By Licelle Cobrador, Esq.
New York – Immigration restrictions became top priority during the onset of the coronavirus pandemic in 2020. An invisible wall was built that hampered opportunities for countless eligible immigrants, including extraordinary ability/ EB-1A foreign nationals.
Requests for evidence and denial rates increased with the USCIS (also known as the Service) plainly applying a heightened standard. There was no change in the regulations to justify this; however, we deduce this was a leadership directive.
While we’ve been promised immigration reforms in 2021, any changes in the EB-1A adjudication structure have been enforced in a more evenhanded manner.
Foreign nationals of extraordinary ability in the sciences, arts, education, business or athletics may apply for the EB-1A green card. Such persons are not required to have a prospective U.S. employer sponsor, but they must be entering the U.S. to continue work in their chosen field, and their work must substantially benefit (prospectively) the United States.
Federal regulations define “extraordinary ability” as “a level of expertise indicating that the individual is one of that small percentage who have risen to the very top field of endeavor.” 8 C.F.R. § 204.5(h)(2). Initial evidence requirements need either: 1) evidence of a significant one-time achievement such as an Oscar, Emmy or a Grammy Award, a Nobel Prize, Pulitzer or an Olympic medal or 2) documentation that satisfies at least three out of the ten evidentiary criteria listed below.
Hypothetically, if Maria Ressa (first Filipino Nobel Prize laureate) or Hidilyn Francisco Diaz (first Filipino to win an Olympic gold medal) were to apply for this visa, they would mostly likely get approved, as they would meet the first requirement.
For those who have not won a major internationally recognized award, at least three of the following must be provided: 1) Receipt of lesser nationally or internationally recognized prizes or awards for excellence in the field of expertise; 2) membership in an association that demands outstanding achievement as a condition of membership; 3) publication of work in major media, professional or trade publication; 4) judge of the work of others in the same or related field; 5) original contribution in field; 6) authorship of scholarly articles in the field of expertise; 7) display of work at showcases or artistic exhibitions; 8) critical or leading role at distinguished organizations; 9) high remuneration or salary compared to others; and 10) commercial success. Other comparable evidence may be presented if these ten are not readily applicable to the petitioner’s occupation. See 8 C.F.R. § 204.5(h)(3)(i)-(x).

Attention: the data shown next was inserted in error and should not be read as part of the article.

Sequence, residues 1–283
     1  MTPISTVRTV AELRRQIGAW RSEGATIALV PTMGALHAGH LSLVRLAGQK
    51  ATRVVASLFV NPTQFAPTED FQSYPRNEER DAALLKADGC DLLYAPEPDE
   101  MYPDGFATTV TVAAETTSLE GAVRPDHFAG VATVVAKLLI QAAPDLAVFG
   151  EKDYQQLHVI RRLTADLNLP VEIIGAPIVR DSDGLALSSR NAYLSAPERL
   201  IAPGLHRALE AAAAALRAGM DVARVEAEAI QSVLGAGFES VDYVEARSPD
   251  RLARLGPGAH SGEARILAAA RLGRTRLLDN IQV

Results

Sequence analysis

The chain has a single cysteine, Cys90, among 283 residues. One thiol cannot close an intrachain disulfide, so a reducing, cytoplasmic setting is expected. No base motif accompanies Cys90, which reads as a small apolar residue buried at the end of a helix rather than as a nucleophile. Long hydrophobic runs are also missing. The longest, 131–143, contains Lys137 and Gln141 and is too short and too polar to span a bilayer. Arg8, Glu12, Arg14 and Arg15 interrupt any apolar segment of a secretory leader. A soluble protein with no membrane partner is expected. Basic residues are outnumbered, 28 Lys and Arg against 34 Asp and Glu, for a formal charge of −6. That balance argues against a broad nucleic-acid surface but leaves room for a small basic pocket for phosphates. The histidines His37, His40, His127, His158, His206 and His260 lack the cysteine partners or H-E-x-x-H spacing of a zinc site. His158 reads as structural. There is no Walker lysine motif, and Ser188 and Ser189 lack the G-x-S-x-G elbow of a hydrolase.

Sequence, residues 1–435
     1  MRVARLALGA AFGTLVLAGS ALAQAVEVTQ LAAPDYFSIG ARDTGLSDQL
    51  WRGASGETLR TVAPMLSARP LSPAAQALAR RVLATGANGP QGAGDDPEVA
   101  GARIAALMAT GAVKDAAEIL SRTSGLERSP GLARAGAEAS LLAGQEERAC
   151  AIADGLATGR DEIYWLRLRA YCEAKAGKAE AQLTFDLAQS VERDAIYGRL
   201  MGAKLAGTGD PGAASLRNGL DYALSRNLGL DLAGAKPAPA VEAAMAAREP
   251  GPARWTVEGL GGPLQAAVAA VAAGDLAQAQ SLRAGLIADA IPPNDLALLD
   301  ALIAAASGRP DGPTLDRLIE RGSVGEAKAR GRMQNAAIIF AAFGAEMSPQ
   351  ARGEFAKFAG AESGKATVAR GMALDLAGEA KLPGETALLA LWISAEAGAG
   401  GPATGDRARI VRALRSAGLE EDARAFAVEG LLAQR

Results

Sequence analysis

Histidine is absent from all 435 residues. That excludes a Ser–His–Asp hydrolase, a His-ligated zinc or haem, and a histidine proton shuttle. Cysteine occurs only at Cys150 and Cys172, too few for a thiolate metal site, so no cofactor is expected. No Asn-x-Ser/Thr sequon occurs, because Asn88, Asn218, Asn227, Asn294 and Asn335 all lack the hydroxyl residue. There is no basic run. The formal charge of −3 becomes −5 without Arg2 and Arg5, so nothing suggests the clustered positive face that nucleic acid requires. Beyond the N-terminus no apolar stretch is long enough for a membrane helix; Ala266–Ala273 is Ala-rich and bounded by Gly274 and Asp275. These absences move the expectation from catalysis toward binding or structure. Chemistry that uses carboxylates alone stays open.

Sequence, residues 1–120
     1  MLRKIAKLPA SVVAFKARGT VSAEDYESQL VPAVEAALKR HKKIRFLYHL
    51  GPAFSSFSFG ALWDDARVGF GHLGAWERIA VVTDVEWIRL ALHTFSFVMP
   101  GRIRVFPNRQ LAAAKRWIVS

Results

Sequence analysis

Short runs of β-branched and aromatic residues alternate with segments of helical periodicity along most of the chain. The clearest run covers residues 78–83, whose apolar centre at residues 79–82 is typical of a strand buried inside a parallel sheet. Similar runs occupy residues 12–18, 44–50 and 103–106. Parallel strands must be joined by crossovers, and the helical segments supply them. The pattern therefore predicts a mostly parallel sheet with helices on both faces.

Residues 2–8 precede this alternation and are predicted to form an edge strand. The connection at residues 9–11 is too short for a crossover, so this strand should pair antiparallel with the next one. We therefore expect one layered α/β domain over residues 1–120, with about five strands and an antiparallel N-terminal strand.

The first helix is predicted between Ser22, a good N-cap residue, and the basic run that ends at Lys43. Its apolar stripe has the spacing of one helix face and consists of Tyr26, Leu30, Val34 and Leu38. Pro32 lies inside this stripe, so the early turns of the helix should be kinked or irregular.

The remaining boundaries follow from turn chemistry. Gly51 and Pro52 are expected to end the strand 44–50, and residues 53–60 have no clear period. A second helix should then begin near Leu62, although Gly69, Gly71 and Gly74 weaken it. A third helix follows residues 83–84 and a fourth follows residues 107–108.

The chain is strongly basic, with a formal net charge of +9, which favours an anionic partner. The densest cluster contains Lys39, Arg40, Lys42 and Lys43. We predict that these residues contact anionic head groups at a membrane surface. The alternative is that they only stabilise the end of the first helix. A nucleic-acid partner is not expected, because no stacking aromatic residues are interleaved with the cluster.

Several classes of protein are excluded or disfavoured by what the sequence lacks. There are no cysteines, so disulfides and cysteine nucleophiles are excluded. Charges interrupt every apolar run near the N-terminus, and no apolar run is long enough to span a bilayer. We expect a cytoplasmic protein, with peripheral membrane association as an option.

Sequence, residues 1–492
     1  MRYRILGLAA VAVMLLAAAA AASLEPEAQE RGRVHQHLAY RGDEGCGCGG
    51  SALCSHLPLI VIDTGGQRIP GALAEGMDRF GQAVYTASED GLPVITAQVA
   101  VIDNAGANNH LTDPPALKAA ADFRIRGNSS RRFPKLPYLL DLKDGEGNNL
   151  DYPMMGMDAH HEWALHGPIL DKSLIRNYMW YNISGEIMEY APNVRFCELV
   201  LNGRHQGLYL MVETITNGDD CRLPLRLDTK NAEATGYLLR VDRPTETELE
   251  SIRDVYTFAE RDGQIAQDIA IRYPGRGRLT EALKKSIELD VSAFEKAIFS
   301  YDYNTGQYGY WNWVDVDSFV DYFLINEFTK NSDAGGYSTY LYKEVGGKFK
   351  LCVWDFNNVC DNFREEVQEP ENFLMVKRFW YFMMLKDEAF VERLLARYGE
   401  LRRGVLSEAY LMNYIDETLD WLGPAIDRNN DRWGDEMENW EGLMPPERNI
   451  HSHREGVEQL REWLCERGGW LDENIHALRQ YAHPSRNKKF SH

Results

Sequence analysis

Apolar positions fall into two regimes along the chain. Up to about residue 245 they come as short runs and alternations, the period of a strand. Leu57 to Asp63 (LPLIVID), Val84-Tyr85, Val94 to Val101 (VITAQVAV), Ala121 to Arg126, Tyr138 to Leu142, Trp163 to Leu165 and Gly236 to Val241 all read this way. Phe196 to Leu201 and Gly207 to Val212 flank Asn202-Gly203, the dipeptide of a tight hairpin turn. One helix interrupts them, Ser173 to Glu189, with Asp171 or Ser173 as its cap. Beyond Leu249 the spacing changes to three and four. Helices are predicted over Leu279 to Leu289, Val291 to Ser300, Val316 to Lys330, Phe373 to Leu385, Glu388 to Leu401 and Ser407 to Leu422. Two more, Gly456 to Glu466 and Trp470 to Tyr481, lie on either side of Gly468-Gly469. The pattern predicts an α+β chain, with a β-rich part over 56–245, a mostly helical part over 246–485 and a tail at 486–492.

Upon receipt of the above-mentioned prerequisite evidence, the Service will conduct a final merits determination. It will assess whether the totality of the record shows, by a preponderance of evidence, that the petitioner is part of that small percentage that has risen to the very top field of endeavor demonstrated by sustained national or international acclaim. See Kazarian v. USCIS, 596 F. 3d 1115 (9th Cir. 2012).
This is a self-petition. Not involving an employer or a specific job offer could be liberating. Further, a labor certification is not required saving the petitioner considerable time. Visas for EB-1A are current (Visa Bulletin for December 2021). This means immigrant visas are immediately available for all countries in this category. The path towards a green card would be quicker compared to other employment-based visas.
It bears stressing that the EB-1A visa is not limited to those who excel in the performing or visual arts. We have obtained approvals for several journalists, entrepreneurs, finance and legal professionals, educators, and athletes.
America’s goal endures –attract immigrants who can contribute to the country in a significant way. Thus, any incumbent administration should focus on addressing the discretionary determinations concerning its most desirable EB-1A immigrants. #
This column serves primarily as a guide. It aims to provide general information on immigration law. The information provided is for general guidance and reference purposes only and it is not intended to serve as, nor can it be relied upon, as legal advice to address any specific situation. Those with specific questions are strongly encouraged to contact an immigration attorney.)
*About the author
Born in Manila, Licelle Cobrador has over 10 years of experience in immigration and nationality law. Prior to establishing her own firm, Cobrador & Associates, PLLC, Licelle was an associate at a boutique immigration firm in Manhattan and a leading firm in Manila.
Licelle received her B.A. from the University of the Philippines, Manila (Cum Laude, Top 20 out of 267). After earning her J.D. from Ateneo de Manila University, she was admitted to practice law in the Philippines. She completed her LL.M at Benjamin N. Cardozo School of Law on a Dean’s Merit Scholarship and was admitted to practice in New York.
Licelle currently serves as Vice President and Executive Director of the Filipino American Legal Defense and Education Fund/ FALDEF and as Volunteer Attorney at the Migrant Center of New York. She is a past co-chair of the Cardozo Law Masters Alumni Community. She is also a member of the Filipino American Lawyers Association of New York/ FALA New York and the National Filipino American Lawyers Association/ NFALA.
Licelle has been selected as TimeIsNow’s Global Filipino Trailblazer. She is recognized as one of Women Today’s Women on the Front Rank, Cardozo Life Magazine’s Movers & Shakers and Cardozo Law’s Outstanding Alumni and has been published in Delaware Law. Licelle is a frequent national and international speaker on U.S. Immigration Law. #